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" It is important, likewise, that the habits of thinking in a free country should inspire caution in those intrusted with its administration to confine themselves within their respective constitutional spheres, avoiding in the exercise of the powers of... "
Pictorial Life of George Washington: Embracing Anecdotes, Illustrative of ... - Page 177
by Horatio Hastings Weld - 1846 - 214 pages
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State Constitutional Law: Cases and Materials : with 1990-91 Supplement

Constitutional law - 1990 - 518 pages
...Commission, 238 Ind. 120, 149 NE2d 273, 294 (1958). In his farewell address George Washington observed, The spirit of encroachment tends to consolidate the...and thus to create, whatever the form of government, a real despotism. A just estimate of the love of power, and proneness to abuse it, which predominates...
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Respectfully Quoted: A Dictionary of Quotations

Suzy Platt - Quotations, English - 1993 - 520 pages
...its administration, to confine themselves within their respective Constitutional Spheres; avoiding in the exercise of the Powers of one department to encroach upon another. President GEORGE WASHINGTON, farewell address, September 19, 1796.— The Writings of George Washington,...
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Early American Writing

Giles B. Gunn - Fiction - 1994 - 629 pages
...its administration, to confine themselves within their respective constitutional spheres, avoiding in the exercise of the powers of one department to...and thus to create, whatever the form of government, a real despotism. A just estimate of that love of power, and proneness to abuse it, which predominates...
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A Sacred Union of Citizens: George Washington's Farewell Address and the ...

Matthew Spalding, Patrick J. Garrity - History - 1996 - 216 pages
...its administration, to confine themselves within their respective Constitutional spheres; avoiding in the exercise of the Powers of one department to...and thus to create whatever the form of government, a real despotism. A just estimate of that love of power, and proneness to abuse it, which predominates...
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On Faith and Free Government

Daniel C. Palm - Political Science - 1997 - 201 pages
...with its administration to confine themselves within their respective Constitutional spheres, avoiding in the exercise of the Powers of one department to...and thus to create, whatever the form of government, a real despotism. A just estimate of that love of power, and proneness to abuse it, which predominates...
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Washington's Farewell Address to the People of the United States

George Washington - 1998 - 32 pages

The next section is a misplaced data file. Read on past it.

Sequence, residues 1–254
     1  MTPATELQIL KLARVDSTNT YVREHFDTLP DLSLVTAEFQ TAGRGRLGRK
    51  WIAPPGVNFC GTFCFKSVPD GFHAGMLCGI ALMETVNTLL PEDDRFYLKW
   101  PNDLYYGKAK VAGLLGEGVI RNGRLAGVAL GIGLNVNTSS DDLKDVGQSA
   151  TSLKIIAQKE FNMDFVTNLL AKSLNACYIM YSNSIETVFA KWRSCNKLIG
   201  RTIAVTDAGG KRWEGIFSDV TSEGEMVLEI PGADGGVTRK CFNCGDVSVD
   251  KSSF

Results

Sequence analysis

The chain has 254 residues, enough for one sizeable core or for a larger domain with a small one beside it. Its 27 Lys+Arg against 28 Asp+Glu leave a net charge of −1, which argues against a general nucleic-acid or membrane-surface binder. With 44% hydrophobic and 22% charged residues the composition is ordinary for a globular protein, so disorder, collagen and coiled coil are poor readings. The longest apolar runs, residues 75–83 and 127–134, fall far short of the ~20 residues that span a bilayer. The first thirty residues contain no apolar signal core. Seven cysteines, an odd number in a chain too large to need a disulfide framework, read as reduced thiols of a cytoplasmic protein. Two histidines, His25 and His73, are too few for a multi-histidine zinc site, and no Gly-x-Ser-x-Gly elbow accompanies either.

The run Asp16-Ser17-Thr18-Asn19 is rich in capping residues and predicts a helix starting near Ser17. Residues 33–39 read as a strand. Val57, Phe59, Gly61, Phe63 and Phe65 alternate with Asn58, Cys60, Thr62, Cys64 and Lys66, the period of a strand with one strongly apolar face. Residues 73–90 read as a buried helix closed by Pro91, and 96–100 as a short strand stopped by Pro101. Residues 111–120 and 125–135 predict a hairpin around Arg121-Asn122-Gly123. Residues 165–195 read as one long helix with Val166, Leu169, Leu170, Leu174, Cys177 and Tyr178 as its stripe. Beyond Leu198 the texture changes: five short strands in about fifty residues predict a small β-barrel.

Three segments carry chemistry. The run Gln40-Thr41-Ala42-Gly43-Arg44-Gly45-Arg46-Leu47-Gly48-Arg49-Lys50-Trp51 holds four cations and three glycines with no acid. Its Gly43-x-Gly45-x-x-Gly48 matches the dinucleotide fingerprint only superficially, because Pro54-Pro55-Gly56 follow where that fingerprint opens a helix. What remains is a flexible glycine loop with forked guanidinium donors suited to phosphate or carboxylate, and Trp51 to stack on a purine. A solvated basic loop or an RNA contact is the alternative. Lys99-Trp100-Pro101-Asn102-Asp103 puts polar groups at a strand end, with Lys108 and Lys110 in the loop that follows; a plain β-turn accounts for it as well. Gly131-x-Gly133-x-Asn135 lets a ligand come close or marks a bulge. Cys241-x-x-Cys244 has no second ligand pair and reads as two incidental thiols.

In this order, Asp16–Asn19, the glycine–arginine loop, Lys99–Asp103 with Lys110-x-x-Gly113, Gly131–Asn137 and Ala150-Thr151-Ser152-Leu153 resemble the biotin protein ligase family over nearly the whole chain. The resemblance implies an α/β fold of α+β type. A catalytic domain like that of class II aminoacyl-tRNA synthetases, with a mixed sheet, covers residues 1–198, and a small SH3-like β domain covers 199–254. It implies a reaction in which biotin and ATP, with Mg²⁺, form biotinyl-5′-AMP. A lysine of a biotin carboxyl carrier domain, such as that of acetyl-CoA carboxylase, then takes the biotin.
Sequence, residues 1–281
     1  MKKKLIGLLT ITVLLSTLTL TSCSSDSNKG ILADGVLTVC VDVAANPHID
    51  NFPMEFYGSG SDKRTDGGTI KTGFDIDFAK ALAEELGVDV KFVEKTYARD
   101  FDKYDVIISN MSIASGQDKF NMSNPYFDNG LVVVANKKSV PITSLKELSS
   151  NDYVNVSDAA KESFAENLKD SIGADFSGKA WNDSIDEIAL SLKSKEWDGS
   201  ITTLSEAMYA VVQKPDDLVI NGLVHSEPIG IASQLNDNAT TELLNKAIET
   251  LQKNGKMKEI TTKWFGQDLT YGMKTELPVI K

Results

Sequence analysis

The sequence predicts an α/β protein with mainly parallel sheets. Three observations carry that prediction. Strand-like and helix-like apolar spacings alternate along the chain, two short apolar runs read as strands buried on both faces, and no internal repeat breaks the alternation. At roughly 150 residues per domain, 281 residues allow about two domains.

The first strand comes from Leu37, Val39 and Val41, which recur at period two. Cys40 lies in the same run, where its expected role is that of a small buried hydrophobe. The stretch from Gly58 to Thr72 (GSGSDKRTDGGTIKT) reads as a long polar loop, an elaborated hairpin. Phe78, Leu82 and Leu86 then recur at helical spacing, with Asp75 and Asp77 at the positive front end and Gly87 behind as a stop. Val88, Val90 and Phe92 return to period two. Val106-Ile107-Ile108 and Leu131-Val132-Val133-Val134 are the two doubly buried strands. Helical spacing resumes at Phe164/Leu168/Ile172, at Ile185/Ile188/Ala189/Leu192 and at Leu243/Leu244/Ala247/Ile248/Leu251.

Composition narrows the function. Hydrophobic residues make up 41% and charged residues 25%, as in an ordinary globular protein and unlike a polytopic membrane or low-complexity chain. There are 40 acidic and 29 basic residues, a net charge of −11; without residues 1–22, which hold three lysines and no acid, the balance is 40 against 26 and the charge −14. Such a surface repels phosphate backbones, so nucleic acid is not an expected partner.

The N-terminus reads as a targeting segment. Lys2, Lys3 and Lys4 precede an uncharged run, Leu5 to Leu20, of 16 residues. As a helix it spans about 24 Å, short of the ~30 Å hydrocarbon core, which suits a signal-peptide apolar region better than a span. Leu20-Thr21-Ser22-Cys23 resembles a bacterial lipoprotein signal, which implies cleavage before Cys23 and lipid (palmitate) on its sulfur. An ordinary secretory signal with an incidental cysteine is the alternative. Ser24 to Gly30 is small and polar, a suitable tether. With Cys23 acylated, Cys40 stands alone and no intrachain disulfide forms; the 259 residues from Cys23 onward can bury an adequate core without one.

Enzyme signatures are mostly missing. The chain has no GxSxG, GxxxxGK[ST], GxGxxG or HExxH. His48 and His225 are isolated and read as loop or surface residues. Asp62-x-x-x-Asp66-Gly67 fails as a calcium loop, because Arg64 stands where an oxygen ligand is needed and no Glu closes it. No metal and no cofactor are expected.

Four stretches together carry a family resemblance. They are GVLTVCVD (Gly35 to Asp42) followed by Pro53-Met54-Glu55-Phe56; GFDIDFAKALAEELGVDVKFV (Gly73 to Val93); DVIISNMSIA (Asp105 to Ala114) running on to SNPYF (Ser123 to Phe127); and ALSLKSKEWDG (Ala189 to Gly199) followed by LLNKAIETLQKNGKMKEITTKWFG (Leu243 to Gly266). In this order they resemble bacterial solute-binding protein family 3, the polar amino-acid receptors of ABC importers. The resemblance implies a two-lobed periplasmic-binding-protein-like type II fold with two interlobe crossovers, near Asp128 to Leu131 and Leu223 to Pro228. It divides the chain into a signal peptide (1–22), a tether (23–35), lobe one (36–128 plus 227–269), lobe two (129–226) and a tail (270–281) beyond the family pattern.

...with its administration to confine themselves within their respective constitutional spheres, avoiding in the exercise of the powers of one department to encroach upon another. The spirit of [18] encroachment tends to consolidate the powers of all the departments in one and thus to create,...
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Party Ideologies in America, 1828-1996

John Gerring - Political Science - 2001 - 337 pages
...party's now traditional opposition to "centralization and to that dangerous spirit of encroachment which tends to consolidate the powers of all the departments in one, and thus to create whatever be the form of government, a real despotism." 19 Nineteenth-century Democrats exhibited a quasi-religious...
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The Separation of Governmental Powers in History, in Theory, and in the ...

William Bondy - Law - 1896 - 185 pages
...farewell address Washington says: "The spirit of encroachment tends to consolidate the powers of all departments in one, and thus to create, whatever the form of government, a real despotism." James Madison forcibly says: " The accumulation of all powers, legislative, executive,...
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The Lost Art of the Great Speech: How to Write It, how to Deliver it

Richard Dowis - Business & Economics - 2000 - 272 pages
...its administration to confine themselves within their respective constitutional spheres, avoiding, in the exercise of the powers of one department to...and thus to create, whatever the form of government, a real despotism. . . . Of all those dispositions and habits, which lead to political prosperity, religion...
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The World's Great Speeches

Lewis Copeland, Lawrence W. Lamm, Stephen J. McKenna - History - 1999 - 920 pages
...administration, to confine themselves within their respective constitutional spheres, avasding, in the exereise of the powers of one department, to encroach upon...and thus to create, whatever the form of government, a real despotism. A just estimate of that love of power, and proneness to abuse it, which predominate...
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